“Do what thou wilt shall be the whole of the Law.”
The interesting thing about Aleister Crowley is that he really believed this. We don’t consider him a fiction writer (at least not primarily), but he went and did it for a while, because he could do whatever and whenever. So he wrote fiction, but only between 1908 and 1922, that’s merely fifteen years from his prolific and incredibly versatile mind. This was an era when he approached the literary world as a critic and writer, although at first quite reluctantly (“I had an instinctive feeling against prose; I had not appreciated its possibilities,” he wrote, later admitting that“the short story is one of the most delicate and powerful forms of expression”). He wasn’t only a writer, but he still made sure that his legacy includes a large collection of miscellaneous prose, now presented in a prestigious (and affordable) Wordsworth edition, titled The Drug and Other Stories.
In here, we can almost forget about his persona, despite the obvious fact that most of these stories are clearly written by an occultist ceremonial magician – but that’s not the point of this collection. His beliefs don’t interfere with his fiction, at least not in a way that it obscures his effort to present various stories, sometimes quite innocent, naive, humorous, other times obtusely esoteric, sure, and sometimes evocative and uncomfortable. Continue reading “The Short Fiction of Aleister Crowley”
Black Mirror needs to reinvent itself. The sooner, the better.
Don’t get me wrong. The fourth season has cleverly written, beautifully directed episodes throughout, as usual. It’s still the prime science-fiction anthology, and one of the most relevant TV series, even if contemporary science-fiction writers and futurologists already explored most of its ideas. The problem is, the new season didn’t have any new ideas, at all.
At this point, most episodes of Black Mirror boil down to the same two premises:
- Invasive technology will destroy our privacy
- Our digital copies will live in existential nightmare
Five out of six episodes are variations of these themes, and both have been done before, with more subtlety. In this regard, I’m quite disappointed. Continue reading “Simulation Fatigue in Black Mirror”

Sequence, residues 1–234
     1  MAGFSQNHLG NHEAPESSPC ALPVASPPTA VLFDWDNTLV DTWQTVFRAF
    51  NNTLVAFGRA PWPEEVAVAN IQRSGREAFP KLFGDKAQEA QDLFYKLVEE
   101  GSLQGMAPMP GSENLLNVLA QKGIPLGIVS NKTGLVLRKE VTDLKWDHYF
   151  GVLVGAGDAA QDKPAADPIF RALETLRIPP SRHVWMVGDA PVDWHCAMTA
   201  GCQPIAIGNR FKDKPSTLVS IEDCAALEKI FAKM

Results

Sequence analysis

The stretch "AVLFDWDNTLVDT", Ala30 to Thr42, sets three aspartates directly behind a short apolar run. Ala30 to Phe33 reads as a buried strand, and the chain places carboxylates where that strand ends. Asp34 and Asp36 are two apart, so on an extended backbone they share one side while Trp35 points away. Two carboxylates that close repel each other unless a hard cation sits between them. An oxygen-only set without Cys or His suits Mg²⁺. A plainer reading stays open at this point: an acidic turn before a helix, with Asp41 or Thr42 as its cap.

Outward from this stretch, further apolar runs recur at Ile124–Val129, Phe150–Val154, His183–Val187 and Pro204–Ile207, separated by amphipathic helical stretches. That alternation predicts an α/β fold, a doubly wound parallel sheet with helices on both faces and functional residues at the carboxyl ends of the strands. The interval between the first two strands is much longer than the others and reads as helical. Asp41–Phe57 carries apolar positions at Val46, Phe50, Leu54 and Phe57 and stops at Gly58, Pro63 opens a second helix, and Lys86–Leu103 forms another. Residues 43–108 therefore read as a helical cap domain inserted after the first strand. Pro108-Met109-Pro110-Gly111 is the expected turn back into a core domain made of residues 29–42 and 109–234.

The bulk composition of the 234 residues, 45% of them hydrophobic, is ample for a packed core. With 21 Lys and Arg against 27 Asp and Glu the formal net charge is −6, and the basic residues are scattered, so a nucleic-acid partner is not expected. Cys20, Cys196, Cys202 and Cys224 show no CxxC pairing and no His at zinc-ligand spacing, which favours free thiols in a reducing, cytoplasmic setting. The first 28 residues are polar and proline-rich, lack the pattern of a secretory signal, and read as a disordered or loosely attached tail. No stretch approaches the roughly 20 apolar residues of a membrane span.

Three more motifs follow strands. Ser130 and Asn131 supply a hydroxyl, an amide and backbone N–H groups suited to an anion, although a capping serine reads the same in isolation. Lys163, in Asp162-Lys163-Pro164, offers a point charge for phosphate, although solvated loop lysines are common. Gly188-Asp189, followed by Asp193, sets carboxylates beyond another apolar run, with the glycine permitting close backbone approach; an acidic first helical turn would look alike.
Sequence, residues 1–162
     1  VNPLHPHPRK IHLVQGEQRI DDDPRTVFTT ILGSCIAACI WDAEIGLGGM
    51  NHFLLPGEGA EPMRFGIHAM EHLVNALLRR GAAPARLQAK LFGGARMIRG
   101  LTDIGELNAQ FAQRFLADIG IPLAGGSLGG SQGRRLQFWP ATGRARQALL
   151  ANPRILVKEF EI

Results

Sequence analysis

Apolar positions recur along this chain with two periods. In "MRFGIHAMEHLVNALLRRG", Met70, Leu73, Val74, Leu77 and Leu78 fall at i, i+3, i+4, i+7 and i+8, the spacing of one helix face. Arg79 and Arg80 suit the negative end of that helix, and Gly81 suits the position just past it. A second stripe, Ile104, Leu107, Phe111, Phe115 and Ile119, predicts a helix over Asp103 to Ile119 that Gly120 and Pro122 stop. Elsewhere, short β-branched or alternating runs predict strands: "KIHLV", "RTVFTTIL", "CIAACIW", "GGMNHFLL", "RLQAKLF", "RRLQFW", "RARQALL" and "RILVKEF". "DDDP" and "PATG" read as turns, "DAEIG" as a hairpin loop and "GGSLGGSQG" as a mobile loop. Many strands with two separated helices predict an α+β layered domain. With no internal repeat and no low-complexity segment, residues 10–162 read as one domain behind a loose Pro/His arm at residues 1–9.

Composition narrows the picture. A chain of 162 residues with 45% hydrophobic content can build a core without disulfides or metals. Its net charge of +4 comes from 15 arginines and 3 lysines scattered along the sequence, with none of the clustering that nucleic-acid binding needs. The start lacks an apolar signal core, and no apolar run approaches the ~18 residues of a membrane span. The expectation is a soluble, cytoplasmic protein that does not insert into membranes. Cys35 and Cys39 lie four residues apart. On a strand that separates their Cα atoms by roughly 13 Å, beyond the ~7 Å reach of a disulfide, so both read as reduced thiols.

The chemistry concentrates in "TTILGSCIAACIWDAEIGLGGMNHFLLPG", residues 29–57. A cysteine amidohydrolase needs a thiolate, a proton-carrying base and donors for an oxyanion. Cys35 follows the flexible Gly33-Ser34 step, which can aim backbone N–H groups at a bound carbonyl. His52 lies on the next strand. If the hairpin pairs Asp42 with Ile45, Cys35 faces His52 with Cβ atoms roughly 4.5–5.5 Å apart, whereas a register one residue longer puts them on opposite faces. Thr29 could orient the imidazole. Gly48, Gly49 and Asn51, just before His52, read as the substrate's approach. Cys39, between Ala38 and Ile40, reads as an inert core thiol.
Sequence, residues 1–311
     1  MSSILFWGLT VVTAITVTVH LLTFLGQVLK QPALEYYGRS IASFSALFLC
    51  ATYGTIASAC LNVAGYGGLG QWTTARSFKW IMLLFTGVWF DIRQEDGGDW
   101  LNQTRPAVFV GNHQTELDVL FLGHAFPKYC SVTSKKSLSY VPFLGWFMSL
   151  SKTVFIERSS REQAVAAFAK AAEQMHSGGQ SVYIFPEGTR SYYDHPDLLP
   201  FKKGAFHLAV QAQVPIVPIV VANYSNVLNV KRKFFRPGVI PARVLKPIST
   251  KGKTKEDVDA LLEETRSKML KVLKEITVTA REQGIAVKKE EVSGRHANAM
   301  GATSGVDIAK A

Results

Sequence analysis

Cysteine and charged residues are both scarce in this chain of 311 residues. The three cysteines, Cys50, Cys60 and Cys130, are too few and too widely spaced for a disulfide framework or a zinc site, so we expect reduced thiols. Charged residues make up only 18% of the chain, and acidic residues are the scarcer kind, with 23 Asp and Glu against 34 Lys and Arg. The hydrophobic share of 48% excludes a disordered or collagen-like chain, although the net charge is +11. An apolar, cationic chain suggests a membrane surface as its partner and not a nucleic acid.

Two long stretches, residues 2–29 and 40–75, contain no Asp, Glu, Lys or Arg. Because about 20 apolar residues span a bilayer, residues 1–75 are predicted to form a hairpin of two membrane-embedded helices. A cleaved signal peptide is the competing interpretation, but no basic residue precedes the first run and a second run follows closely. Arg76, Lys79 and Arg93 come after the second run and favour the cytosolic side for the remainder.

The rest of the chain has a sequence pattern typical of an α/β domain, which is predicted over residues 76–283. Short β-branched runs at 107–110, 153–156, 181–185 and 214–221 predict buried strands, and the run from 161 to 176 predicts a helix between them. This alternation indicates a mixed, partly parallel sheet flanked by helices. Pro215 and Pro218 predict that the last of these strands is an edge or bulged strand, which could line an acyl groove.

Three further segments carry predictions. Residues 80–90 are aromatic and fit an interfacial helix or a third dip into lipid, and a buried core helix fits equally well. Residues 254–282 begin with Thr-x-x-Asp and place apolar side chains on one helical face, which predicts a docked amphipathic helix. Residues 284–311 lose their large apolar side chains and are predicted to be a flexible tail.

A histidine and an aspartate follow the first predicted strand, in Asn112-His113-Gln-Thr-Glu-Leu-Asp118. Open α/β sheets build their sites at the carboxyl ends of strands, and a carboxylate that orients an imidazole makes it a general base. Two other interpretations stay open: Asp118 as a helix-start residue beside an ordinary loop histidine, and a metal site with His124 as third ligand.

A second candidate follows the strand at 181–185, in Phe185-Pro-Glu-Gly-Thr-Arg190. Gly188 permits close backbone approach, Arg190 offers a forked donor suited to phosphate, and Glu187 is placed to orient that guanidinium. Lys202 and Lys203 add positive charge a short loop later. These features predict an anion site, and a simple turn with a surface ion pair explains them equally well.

Last year Get Out was nominated for a Golden Globe in the category of Best Motion Picture – Musical or Comedy. Many consider Get Out one of the best horror films of 2017. I was intrigued for months, but I rarely watch movies nowadays, but I decided to see Get Out for myself and see whether it’s a comedy or a horror. Well, I found out it’s neither, but can be interpreted as both, and it’s really fascinating to see why.
Get Out is… interesting. It certainly plays with horror tropes, probably taking inspiration from works such as The Wicker Man and The Stepford Wives (and their derivatives), but it’s also very clear from the first minute that this story is a statement about representation of black people, highlighting causal (and perhaps unintentional) racist behavior. Continue reading “The Comedy in Get Out”
Sometimes I find the concept of family perplexing. It is something that we take for granted, something that we think of as natural, but give it a second thought, and you’ll find that people living together solely on the basis of blood… can be kind of disturbing.
There’s a chance I’m thinking this way because I come from a broken home, but I can also recall how unnatural our family reunions are. Some of these people are essentially strangers, yet still talking to each other once a year. You can tell that they have nothing in common, sometimes even turning on each other, arguing about politics, inheritance or worse. And they eventually reconcile over food.
You can live your own life, be your own master, but once in a while, there comes a day when you have to sit at a dinner table with people you secretly despise, or even fear. Only because it is expected. Enforced by nature and society. That’s something you can’t control. Continue reading “Family Dynamics in Resident Evil 7”
I guess this would be a good time to introduce myself, although for some reason, it makes me a bit uncomfortable. I’ll try to keep things brief.
I’m a Hungarian writer, mostly interested in the macabre and the weird.
This year I turned thirty, and I decided to take a step towards writing for an international audience. Horror and weird fiction are niche genres, especially in a small country, so it made sense to me to at least try to extend my reach.
My non-fiction writings in Hungarian are varied in subject. Similarly, my short stories are varied in genres and styles. So far I’ve published a novel, a short story collection, numerous articles and essays, but if you look at this ouvre, you’ll notice that it’s very unfocused. It doesn’t make a commitment to a subject or a genre.
This blog will serve as a remedy for that, as I will dedicate the site solely to dark and weird subjects. Expect my occasional translations of short stories to follow that pattern as well.
So… let’s get started.